The government is planning to use church spires to improve mobile, broadband and Wi-Fi connectivity across the UK following an agreement with the Church of England.
A new plan released today by the National Church Institutions (NCIs) of the Church of England, the Department for Digital, Culture, Media and Sport (DCMS) and Department for the Environment, Food and Rural Affairs (Defra) will offer support and guidance for rural parishes looking to help their communities.
The Church of England has more than 16,000 buildings in 12,500 parishes and two thirds of churches and parishes are in rural areas, often situated in central locations, making them well positioned to solve connectivity challenges.
There are more than 120 instances of this being done in the UK, including in Chelsmford, Norwich and in Bath, where churches are used as wireless access points to deliver superfast broadband to areas excluded from other rollouts.
“Churches are central features and valued assets for local communities up and down the country,” said Digital Secretary Matt Hancock. “This agreement with the Church of England will mean that even a 15th century building can help make Britain fit for the future improving people’s lives by boosting connectivity in some of our hardest-to-reach areas.”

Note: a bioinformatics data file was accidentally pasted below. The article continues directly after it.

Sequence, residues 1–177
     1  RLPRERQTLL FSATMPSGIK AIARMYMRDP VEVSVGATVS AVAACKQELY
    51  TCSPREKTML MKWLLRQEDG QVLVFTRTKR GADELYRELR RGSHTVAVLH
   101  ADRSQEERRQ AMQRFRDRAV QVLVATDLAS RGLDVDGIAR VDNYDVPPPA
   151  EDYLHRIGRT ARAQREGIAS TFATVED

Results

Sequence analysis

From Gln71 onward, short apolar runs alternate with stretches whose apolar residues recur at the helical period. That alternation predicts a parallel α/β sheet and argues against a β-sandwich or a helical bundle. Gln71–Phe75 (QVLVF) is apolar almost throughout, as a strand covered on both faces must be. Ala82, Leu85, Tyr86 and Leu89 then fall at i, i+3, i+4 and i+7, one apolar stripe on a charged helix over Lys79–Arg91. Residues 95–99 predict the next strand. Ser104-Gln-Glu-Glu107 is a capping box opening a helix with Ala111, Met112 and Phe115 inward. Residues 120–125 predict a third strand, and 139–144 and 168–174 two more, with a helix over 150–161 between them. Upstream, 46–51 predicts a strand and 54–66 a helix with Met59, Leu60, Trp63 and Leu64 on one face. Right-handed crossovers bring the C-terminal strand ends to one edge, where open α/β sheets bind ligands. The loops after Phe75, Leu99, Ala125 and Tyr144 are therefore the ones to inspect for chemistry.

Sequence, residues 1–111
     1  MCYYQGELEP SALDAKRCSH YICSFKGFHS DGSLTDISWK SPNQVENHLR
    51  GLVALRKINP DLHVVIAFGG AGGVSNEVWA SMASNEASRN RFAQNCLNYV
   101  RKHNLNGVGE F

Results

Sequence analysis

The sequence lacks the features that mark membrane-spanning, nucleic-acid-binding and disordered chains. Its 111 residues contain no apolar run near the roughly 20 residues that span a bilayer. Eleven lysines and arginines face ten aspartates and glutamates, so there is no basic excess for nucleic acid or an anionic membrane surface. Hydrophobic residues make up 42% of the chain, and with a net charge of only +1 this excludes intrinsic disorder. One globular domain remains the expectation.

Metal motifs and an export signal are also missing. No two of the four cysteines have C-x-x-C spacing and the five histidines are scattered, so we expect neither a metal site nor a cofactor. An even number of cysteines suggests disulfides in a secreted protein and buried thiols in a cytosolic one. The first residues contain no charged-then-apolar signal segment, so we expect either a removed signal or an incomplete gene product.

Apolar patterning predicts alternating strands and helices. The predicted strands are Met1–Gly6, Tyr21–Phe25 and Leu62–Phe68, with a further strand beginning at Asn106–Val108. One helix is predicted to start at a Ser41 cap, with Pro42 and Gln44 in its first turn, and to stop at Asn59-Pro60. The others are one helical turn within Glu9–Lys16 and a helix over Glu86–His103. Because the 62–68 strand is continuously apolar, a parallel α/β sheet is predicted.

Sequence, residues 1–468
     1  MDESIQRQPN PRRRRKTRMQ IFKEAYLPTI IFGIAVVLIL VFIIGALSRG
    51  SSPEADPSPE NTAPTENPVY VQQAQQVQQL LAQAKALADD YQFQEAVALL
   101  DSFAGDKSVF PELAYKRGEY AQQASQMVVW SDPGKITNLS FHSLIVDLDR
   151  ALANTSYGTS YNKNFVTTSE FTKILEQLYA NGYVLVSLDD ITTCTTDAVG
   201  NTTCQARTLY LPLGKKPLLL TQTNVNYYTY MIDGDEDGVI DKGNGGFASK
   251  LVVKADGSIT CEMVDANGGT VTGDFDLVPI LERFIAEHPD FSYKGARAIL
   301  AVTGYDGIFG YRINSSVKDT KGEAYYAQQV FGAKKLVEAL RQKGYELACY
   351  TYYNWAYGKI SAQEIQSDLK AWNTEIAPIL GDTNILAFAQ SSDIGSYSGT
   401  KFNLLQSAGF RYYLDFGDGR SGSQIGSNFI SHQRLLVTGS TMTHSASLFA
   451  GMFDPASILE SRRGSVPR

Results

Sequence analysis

The move has been welcomed by the industry and by church leaders.
“We know that rural churches in particular have always served as a hub for their communities,” said Rt Revd Stephen Cottrell, the Bishop of Chelmsford, where the Diocese has been involved in community broadband since 2013.
“Encouraging churches to improve connectivity will help tackle two of the biggest issues rural areas face – isolation and sustainability.”
“Where there is a need, a suitable building is available and appropriate terms can be agreed, the mobile operators will continue to extend their use of churches to increase mobile coverage and capacity, while respecting the church environment,” added Hamish McLeod, director of industry body Mobile UK.
More than 95 percent of the UK population has access to superfast broadband, while EE has committed to delivering 4G coverage to 95 percent of the UK landmass by the end of the decade.
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